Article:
The Chicago Harbor Commission was formed in 1908 to consider “whether any part of the Chicago lake front should be reserved for possible future harbor uses.” (p. 1). The commission’s vision of the Chicago’s lakefront as a sprawling commercial harbor stood in sharp contrast to that articulated by Burnham and Bennett. Mayor Fred Busse, who advocated the formation of the commission, objected specifically to the Plan of Chicago’s proposal to convert much of the city’s south lakeshore into lagoons and parkland, for it would effectively eliminate the possibility of building modern port facilities on the lake. The commission hired University of Chicago economic geographer J. Paul Goode to make their case. Goode researched modern port facilities in the United States and Western Europe. He prepared this map comparing the scale of new port facilities in Antwerp, Belgium and Hamburg, Germany to the relatively meager space allotted to port facilities in the Chicago River and Calumet harbors. Not surprisingly, the commission concluded that only an entirely newly built large-scale harbor on the lakefront could ensure Chicago’s position as a major global trading center.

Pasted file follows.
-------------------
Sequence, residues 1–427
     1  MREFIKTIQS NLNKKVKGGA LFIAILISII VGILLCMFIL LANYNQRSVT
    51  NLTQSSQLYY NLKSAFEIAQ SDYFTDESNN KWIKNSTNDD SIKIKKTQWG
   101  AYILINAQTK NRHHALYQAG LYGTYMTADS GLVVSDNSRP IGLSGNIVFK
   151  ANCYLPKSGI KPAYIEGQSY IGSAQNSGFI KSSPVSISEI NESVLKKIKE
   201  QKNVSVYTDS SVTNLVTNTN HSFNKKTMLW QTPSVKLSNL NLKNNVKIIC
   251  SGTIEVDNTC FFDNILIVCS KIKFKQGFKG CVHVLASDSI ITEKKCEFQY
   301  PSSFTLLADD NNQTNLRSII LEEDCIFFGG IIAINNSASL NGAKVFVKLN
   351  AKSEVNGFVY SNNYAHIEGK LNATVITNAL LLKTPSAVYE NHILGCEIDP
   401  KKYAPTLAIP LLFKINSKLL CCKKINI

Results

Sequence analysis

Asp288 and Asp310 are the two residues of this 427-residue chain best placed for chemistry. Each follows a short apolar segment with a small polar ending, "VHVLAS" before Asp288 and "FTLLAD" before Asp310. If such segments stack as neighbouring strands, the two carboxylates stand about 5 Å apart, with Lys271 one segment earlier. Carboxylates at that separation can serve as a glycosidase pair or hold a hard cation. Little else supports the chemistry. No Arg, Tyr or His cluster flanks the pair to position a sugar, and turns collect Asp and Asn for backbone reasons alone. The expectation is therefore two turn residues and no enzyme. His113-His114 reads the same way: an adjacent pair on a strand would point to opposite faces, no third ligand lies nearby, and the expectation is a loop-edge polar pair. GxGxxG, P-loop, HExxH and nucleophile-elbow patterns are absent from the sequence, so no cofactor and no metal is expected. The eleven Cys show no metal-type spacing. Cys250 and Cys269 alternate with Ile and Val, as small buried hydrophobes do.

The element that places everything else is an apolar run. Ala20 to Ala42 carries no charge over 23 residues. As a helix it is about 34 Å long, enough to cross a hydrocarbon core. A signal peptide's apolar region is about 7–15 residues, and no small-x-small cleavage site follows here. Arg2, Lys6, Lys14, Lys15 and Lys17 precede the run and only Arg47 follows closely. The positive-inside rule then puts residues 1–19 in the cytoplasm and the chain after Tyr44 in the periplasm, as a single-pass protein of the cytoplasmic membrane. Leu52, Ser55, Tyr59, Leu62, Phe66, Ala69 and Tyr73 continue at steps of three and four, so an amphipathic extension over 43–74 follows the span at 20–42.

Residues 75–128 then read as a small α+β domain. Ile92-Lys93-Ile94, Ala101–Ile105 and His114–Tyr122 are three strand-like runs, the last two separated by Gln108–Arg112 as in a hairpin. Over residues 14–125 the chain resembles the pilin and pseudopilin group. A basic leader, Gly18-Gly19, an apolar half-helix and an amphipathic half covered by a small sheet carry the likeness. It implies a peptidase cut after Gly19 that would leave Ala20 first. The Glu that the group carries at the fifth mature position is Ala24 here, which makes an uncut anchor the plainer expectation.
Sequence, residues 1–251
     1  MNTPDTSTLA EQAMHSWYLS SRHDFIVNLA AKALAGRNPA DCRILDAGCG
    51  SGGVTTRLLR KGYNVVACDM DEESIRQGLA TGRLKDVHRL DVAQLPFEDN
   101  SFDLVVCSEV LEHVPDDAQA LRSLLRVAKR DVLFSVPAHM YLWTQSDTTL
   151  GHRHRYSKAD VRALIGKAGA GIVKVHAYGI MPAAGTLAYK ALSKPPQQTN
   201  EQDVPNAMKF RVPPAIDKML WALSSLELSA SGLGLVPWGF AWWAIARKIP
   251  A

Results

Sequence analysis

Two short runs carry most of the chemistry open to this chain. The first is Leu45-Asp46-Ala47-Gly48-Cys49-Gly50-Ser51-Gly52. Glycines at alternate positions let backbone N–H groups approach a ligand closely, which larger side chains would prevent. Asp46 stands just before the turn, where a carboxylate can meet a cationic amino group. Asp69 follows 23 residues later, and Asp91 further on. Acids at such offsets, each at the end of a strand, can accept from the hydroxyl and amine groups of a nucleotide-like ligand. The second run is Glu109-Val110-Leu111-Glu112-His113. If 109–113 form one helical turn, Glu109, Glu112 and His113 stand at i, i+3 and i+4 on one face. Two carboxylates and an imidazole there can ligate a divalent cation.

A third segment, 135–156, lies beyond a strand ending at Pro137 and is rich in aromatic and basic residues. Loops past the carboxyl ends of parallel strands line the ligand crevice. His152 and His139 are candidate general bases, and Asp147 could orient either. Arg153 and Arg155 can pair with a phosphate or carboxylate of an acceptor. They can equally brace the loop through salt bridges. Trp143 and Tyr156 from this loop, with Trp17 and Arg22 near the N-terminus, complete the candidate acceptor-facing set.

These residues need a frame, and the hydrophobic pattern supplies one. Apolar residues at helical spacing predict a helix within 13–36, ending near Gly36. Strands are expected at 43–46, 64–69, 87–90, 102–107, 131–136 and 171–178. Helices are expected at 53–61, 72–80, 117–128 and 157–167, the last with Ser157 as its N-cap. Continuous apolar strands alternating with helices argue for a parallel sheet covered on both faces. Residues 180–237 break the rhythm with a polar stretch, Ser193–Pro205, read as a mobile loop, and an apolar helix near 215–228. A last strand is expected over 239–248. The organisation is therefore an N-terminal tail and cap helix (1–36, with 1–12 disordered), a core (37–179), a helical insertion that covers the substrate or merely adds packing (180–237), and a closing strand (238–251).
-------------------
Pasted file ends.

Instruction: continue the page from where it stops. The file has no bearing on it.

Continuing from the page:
Wille, Lois. Forever Open, Clear, and Free: The Struggle for Chicago’s Lakefront. 2nd ed. Chicago: University of Chicago Press, 1991.
“Chicago with Antwerp Extension and Hamburg Freihafen,” from Report to the Mayor and Alderman of the City of Chicago by the Chicago Harbor Commission by Chicago Harbor Commission (Chicago: Press of H.G. Adair, 1909), opp. p. 158. The Newberry Library, H 69 .163